Creating these nights, needless to say, would require a holistic approach which may require acts of charity from bigger names, ignoring the larger paycheck for the time being in order to sew the seeds for something greater down the line. When it comes to passion, all athletes can talk the talk. Are the prepared to make the most ultimate of statement? Is the sport a passion or a cash-generator? If it's the former, homeland bouts can be difficult to pass over.
Atmospheres within Irish venues can be among some of the most positively feral and intoxicating in the world when Irish boxing is in its pomp and while money talks in other places, no place has the potential to offer as refreshing an alternative as Ireland. Provided, of course, the industry can deal with its Augean Stables.
As merited as the criticism is, what has continued to happen in Belfast cannot be ignored, considering the manner in which the city has persisted through the barren years elsewhere. But that spark hasn't flared up outside the city's boundaries and certainly not south of the border. More visibility outside the city can only aid Belfast boxers in their own personal pursuits and, by the same token, the lively Belfast scene with Ryan Burnett and Carl Frampton - yet to perhaps acclaim the status of being household names throughout the island - in its ranks Belfast's bedrock of talent can boost a strengthening island-wide scene.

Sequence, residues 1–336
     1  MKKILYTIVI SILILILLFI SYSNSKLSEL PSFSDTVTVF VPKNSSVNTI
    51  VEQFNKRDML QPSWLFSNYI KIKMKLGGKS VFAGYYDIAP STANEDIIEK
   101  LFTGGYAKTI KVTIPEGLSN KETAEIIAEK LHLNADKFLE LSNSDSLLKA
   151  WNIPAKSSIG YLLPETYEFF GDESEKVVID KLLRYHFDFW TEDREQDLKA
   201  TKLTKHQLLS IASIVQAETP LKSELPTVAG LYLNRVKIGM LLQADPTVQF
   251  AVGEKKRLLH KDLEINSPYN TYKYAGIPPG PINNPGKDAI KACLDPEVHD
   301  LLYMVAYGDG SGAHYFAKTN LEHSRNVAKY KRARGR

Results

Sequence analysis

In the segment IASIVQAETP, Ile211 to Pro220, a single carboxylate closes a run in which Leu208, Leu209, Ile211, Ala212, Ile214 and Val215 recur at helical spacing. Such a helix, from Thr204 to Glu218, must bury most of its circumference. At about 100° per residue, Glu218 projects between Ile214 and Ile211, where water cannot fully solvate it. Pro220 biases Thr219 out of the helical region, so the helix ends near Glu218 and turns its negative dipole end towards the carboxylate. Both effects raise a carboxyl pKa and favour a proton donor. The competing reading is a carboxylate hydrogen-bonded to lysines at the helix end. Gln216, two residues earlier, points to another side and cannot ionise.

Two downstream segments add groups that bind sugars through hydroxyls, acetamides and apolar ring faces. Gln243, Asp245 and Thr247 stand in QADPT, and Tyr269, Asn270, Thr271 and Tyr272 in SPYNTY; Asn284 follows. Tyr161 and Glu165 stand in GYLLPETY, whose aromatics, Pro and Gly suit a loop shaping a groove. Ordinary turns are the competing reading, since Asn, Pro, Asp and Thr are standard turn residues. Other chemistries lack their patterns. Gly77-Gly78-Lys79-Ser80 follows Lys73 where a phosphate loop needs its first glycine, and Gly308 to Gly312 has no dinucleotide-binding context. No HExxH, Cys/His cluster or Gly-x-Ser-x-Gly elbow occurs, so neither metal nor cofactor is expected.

Still, it's necessary to keep returning to the image of the sport, an image that has so obviously been damaged in the public's eye and avoiding the unavoidable questions only hinder a due development.
Those questions cannot remain unanswered if we are to assume those with answers genuinely care about the game as a whole, and not just their own business interests.
Wishful thinking it may be in the short-term, but the possibilities are boundless for a sport with the heritage and talent behind it other disciplines could only dream of.
Spurning such a glorious opportunity, suffice to say, lets down an entire generation and more. The scope is there to move forward with positivity, giving boxers the chance to hold genuine ambitions and dreams without fear of derision. Of scoffs, or scorn.